The Iron Duke engine: an American interpretation of a European staple.
The Americans have a different approach to engines than do Europeans. First, they hold the view that bigger is better which means that for many decades the smallest engines were usually 6-cylinder units. 8-cylinder units were considered standard. When the oil crises of the 70s struck, the main US manufacturers were not so experienced with the 4 cylinder devices that were needed to cope.
That meant that when they arrived their small engines weren’t even all that small. GM’s offering in the smaller compact class was the Iron Duke, a 2.5 litre pushrod engine with power outputs of between 85 hp and 110 hp. Second, Americans had a preference to build engines for durability rather than refinement (which makes sense in the US context). So, when it came time for GM to develop a general purpose engine, it was not in a good position to make the small-capacity, 4-cylinder format work so very nicely.
The Iron Duke was a mainstay of GM’s 4-cylinder cars for nearly decades, adding that precious touch of roughness to all of them. The Duke was sold from 1977 to 1992 in the following cars: the 1977 Pontiac Astre, 1977-1979 Pontiac Phoenix, 1977–1980 Pontiac Sunbird, 1978–1980 Chevrolet Monza and Oldsmobile Starfire,1980–1984 Oldsmobile Omega, Pontiac Phoenix, 1980–1985 Buick Skylark, Chevrolet Citation,1982–1984 Chevrolet Camaro, Pontiac Firebird,1982–1989 Chevrolet Celebrity,1982–1991 Pontiac 6000,1982–1992 Buick Century, Oldsmobile Cutlass Ciera,1984–1988 Pontiac Fiero,1985–1987 Chevrolet S-10 Blazer, GMC S-15 Jimmy,1985–1993 Chevrolet S-10, GMC S-15/Sonoma,1985–1990 Chevrolet Astro, GMC Safari,1985–1987 Buick Somerset,1985–1991 Pontiac Grand Am, Oldsmobile Cutlass Calais,1986–1991 Buick Skylark,1990–1992 Chevrolet Lumina.
Now I have typed all that out I realise that the Iron Duke was closely related to some of GM’s least appealing cars. With the possible exception of the Chevrolet Lumina and the Skylark, all of those cars were below average. The Iron Duke, in its later days, was termed the Low-Tech IV by Car and Driver which was their way of saying it had outstayed its welcome by about the middle 80s.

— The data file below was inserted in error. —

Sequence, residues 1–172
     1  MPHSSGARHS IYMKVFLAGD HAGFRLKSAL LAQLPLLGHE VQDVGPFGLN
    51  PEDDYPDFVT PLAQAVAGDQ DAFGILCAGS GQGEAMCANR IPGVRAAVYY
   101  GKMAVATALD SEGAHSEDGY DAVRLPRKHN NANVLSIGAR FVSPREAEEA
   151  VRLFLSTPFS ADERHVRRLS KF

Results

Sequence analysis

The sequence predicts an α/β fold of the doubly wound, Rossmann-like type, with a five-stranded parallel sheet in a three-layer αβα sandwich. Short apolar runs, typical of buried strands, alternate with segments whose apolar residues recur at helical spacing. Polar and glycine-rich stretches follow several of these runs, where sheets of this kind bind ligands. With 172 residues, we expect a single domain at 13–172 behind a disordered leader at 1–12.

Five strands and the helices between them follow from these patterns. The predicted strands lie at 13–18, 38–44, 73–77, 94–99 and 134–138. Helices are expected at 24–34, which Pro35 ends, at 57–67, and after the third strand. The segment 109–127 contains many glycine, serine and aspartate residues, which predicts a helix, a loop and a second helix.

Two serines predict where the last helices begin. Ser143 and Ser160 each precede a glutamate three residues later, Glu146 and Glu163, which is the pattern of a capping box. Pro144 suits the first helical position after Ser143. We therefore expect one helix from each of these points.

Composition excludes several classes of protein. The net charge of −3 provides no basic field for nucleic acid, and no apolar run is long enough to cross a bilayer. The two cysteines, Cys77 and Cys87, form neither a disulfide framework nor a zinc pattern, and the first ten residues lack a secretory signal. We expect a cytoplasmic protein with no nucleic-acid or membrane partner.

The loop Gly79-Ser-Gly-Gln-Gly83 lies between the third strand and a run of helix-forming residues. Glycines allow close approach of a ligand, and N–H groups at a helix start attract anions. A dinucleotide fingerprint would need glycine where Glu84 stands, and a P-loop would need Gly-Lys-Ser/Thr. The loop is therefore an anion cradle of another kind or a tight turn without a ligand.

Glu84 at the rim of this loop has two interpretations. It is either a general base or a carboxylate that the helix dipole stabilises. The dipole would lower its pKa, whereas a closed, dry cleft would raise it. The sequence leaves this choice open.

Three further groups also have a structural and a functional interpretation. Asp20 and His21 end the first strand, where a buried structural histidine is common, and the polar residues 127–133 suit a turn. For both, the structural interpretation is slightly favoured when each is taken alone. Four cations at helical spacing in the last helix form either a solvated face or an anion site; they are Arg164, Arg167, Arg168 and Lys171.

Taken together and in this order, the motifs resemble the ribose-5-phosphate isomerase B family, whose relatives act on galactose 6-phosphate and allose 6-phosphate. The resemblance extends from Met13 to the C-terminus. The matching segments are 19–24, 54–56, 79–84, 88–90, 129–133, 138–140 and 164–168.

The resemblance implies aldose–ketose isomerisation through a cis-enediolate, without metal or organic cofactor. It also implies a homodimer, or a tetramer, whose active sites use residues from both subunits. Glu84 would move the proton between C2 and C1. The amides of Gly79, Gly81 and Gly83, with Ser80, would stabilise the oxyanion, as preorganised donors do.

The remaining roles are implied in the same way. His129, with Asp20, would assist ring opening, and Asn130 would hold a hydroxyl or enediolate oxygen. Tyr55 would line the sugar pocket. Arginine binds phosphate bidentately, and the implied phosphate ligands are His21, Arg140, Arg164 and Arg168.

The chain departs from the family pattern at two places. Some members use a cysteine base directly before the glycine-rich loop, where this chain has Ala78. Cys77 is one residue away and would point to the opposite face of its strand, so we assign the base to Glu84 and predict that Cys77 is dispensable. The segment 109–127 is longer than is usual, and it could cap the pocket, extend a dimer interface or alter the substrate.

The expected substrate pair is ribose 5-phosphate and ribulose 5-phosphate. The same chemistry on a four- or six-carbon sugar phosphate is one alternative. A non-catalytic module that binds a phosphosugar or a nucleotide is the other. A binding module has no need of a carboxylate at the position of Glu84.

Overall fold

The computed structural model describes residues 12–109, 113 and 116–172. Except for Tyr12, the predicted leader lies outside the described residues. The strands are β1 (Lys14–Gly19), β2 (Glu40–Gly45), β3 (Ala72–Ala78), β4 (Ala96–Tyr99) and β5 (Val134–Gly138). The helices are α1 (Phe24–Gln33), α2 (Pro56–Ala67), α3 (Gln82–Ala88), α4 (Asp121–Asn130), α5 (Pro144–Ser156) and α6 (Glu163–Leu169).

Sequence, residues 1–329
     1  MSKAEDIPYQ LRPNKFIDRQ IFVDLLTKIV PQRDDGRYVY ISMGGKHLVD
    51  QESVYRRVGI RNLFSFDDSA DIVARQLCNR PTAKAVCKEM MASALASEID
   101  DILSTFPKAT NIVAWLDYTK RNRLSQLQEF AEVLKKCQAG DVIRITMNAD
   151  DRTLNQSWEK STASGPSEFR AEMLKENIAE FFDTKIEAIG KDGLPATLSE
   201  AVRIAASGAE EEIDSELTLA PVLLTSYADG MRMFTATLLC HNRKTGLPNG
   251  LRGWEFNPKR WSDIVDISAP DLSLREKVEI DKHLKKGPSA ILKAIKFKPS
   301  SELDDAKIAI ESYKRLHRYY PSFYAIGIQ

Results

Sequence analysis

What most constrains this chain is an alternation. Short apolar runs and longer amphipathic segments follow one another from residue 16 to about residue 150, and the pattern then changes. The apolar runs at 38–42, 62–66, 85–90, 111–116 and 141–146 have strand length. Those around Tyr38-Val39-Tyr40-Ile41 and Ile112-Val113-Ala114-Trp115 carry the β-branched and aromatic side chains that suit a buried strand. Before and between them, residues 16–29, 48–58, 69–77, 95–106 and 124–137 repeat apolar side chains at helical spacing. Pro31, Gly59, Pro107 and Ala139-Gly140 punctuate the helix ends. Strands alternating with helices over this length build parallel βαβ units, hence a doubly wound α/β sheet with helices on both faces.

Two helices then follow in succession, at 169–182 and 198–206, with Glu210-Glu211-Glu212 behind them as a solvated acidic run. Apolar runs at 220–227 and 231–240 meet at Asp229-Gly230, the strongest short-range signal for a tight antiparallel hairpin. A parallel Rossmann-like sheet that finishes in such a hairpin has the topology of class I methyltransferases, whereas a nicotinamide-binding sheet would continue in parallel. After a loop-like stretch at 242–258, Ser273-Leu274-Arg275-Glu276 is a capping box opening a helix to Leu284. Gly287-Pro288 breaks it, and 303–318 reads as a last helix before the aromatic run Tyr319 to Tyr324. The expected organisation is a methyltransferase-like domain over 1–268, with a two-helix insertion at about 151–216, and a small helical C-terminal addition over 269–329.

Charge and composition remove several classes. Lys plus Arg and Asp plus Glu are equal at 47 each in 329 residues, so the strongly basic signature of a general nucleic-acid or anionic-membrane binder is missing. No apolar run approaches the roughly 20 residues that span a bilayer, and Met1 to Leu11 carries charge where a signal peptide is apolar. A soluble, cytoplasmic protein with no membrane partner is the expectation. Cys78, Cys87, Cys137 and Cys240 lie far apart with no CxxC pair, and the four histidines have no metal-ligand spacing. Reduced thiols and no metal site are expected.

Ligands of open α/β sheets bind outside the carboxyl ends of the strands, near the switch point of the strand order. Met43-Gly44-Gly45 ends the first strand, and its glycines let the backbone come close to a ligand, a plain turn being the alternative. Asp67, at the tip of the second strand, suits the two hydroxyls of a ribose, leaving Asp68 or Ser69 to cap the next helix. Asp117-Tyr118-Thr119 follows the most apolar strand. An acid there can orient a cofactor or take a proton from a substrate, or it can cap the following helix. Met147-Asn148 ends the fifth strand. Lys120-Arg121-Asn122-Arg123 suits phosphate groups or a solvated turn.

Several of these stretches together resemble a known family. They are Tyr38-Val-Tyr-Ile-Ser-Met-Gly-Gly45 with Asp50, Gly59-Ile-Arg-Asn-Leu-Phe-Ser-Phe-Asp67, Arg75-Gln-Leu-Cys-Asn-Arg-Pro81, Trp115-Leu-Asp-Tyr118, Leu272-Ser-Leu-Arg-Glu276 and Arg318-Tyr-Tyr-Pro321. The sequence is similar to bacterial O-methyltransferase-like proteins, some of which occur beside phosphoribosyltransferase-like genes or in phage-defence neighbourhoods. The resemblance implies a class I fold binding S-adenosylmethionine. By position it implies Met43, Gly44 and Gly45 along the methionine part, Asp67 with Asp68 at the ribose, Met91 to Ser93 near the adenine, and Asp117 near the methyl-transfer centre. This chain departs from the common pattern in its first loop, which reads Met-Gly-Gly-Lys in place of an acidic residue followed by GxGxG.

Criticisms of the engine are centred on its roughness at the higher end of the operating range and its old-fashioned iron-construction, along with the resultant weight. But it was reliable and simple enough to repair. Questions for an engineer to answer relate to why it took GM USA 2.5 litres of capacity to produce the same or similar power outputs Opel was achieving with its 4-cylinder engines in Europe. And indeed, if Opel had been working on 4 cylinder engines for decades longer than GM USA, why was there a need for the Iron Duke at all? Was it a question of “not engineered here”? Or a question of not built to the right price?
The most inappropriate deployment of the Iron Duke was in the 1983-1988 Pontiac Fiero. What ought to have been under the bonnet of this handily-sized sports car was a small V6. But instead the accountants decreed the Iron Duke would do service too. What was just about appropriate for the commodity-car Citations and Phoenixes in GM’s stable really did not belong in a sports car aimed at enthusiasts.
This was yet another example of GM’s mid-80s death-wish. While being charitable to the Iron Duke on the basis that it ran quite well and did what little was asked of it, it was also an engine that added an important extra bit of dissatisfaction to the experience of owning too many of GM’s cars. Given the enormous production volumes involved and the necessity of having a good 4-cylinder, the least GM could have done was to make the engine less dreary to listen to.
That could have been done not only by the European methods of adding complexity and fragility but by throwing some brain-power in the form of engineering development. In typical GM fashion they didn’t bother and, possibly in so doing lost the small car market to Honda and Toyota who understood 4-cylinder engines better than almost anybody.
I am indebted to the Jalopnik website for some of the insights here. In particular, Murilee Martin, who penned the reference article, has to be commended.